Search Images Maps Play YouTube News Gmail Drive More »
Sign in
Screen reader users: click this link for accessible mode. Accessible mode has the same essential features but works better with your reader.

Patents

  1. Advanced Patent Search
Publication numberUS5064599 A
Publication typeGrant
Application numberUS 07/512,566
Publication dateNov 12, 1991
Filing dateApr 24, 1990
Priority dateJan 8, 1987
Fee statusLapsed
Also published asDE3869967D1, EP0275047A2, EP0275047A3, EP0275047B1
Publication number07512566, 512566, US 5064599 A, US 5064599A, US-A-5064599, US5064599 A, US5064599A
InventorsSatoshi Ando, Akira Dohno, Zenji Hagiwara
Original AssigneeKanebo Limited, Hagiwara Giken Limited
Export CitationBiBTeX, EndNote, RefMan
External Links: USPTO, USPTO Assignment, Espacenet
Process for producing an antibacterial fiber article
US 5064599 A
Abstract
Zeolite particles retaining antibacterial metal ion, such as Ag, Cu or Zn ion, at ion-exchangeable sites of the zeolite are included in a low-melting component of conjugated fibers which comprise a low-melting component and a high-melting component. Upon heating, the low-melting component spreads to cause more zeolite particles to be exposed, which yields higher antibacterial activity in a fiber article produced from the conjugated fibers.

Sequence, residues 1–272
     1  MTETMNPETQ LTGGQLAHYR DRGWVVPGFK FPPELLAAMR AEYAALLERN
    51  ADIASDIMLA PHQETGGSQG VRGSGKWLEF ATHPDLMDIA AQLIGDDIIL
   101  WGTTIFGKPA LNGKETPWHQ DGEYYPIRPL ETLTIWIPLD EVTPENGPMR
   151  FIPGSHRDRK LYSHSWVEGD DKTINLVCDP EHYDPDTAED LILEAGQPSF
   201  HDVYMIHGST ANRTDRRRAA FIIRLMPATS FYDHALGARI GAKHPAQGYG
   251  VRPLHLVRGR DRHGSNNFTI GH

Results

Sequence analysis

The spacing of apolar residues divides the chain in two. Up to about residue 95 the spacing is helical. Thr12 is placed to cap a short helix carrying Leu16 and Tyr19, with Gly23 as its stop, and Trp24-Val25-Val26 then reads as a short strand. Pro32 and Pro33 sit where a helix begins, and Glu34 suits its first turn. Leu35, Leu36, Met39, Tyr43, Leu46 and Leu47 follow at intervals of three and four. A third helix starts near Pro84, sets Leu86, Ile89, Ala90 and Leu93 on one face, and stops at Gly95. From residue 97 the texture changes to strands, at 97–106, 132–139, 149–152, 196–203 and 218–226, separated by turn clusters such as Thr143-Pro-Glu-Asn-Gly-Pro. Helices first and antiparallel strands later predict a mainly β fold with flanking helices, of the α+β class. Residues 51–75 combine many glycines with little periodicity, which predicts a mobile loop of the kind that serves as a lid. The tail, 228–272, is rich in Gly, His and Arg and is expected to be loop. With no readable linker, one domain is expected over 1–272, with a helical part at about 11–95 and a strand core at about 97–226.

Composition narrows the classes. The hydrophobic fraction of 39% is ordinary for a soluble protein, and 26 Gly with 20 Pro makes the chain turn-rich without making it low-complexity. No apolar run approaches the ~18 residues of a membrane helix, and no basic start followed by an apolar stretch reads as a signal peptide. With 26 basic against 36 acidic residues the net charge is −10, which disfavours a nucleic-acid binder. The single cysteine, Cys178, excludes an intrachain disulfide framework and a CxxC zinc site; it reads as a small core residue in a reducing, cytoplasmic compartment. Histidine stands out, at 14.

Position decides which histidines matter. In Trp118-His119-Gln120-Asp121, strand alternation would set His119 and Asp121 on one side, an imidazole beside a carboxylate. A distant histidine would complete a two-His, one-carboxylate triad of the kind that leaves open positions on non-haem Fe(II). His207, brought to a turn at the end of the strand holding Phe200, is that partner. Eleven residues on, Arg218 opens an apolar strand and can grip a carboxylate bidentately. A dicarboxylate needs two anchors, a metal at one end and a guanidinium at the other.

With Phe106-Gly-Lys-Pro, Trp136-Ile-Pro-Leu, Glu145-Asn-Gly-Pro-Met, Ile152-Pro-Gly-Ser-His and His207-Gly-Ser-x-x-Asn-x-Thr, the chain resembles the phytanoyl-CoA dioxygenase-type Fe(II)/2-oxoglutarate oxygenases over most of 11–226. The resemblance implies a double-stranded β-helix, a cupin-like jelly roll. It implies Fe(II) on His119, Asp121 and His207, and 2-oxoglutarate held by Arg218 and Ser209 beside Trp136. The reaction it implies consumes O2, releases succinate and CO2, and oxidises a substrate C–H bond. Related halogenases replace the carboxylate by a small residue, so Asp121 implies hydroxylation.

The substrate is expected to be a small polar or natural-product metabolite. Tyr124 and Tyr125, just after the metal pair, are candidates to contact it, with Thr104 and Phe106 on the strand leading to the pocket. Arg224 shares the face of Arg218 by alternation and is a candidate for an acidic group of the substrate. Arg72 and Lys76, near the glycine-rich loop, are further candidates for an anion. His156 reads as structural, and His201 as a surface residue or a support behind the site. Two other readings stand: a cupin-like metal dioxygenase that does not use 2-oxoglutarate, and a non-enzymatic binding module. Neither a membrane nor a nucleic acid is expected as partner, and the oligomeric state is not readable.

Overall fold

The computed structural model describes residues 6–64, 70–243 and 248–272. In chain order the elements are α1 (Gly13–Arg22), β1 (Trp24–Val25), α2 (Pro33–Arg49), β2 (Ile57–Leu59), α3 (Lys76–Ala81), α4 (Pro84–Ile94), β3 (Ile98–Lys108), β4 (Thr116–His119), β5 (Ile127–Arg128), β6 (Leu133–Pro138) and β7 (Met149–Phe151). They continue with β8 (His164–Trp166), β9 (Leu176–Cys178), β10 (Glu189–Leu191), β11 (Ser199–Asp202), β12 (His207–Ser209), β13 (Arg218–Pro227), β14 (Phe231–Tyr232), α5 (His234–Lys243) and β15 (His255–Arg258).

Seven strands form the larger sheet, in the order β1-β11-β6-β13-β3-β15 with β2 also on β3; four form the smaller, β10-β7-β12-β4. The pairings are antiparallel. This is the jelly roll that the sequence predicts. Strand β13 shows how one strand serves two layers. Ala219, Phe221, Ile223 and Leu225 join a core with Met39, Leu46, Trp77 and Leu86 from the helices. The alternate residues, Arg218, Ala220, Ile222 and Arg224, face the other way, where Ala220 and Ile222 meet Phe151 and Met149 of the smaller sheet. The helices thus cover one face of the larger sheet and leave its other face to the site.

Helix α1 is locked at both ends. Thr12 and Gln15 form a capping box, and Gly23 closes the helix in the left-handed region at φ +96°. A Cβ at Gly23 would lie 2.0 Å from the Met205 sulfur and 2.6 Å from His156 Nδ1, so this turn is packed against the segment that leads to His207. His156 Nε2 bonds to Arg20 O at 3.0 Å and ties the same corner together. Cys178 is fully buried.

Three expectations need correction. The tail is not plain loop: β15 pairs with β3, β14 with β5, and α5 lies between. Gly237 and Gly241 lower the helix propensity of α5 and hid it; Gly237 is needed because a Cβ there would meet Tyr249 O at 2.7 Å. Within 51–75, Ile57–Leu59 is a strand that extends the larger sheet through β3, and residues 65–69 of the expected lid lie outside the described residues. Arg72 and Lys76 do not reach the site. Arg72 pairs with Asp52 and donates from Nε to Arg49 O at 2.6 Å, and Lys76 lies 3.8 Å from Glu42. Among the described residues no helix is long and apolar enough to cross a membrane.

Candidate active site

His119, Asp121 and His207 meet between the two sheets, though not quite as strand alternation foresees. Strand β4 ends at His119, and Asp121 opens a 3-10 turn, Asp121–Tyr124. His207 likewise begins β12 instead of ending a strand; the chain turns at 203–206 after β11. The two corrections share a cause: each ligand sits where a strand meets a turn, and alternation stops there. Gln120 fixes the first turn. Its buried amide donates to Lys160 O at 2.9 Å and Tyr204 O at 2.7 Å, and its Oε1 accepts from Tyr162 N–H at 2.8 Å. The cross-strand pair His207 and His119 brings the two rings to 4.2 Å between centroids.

Images(7)
Previous page
Next page
Claims(13)
What is claimed is:
1. A process for producing an antibacterial fiber article, said process comprising the steps of:
providing a fiber material comprising conjugated fibers comprising a low-melting component and a high-melting component, said low-melting component occupying at least a part of the periphery of the cross-section of the fibers, said conjugated fibers having mixed therein zeolite particles having a specific surface area of at least 150 m2 /g and a SiO2 /Al2 O3 ratio of at most 14, said zeolite particles retaining therein at ion-exchangeable sites of said zeolite at least one metal ion having antibacterial properties;
shaping said fiber material to form a shaped fiber article;
heating said shaped fiber article at a temperature above the melting point of said low-melting component and below the melting point of said high-melting component, whereby said low-melting component spreads to increase its surface area; and
cooling said article to a temperature below the melting point of said low-melting component.
2. A process as claimed in claim 1, wherein said high-melting component and said low-melting component are selected from the group of combinations consisting of polyester/polyester; polyester/polyolefin; polyester/polyamide, polyolefin/polyolefin; and polyamide/polyamide.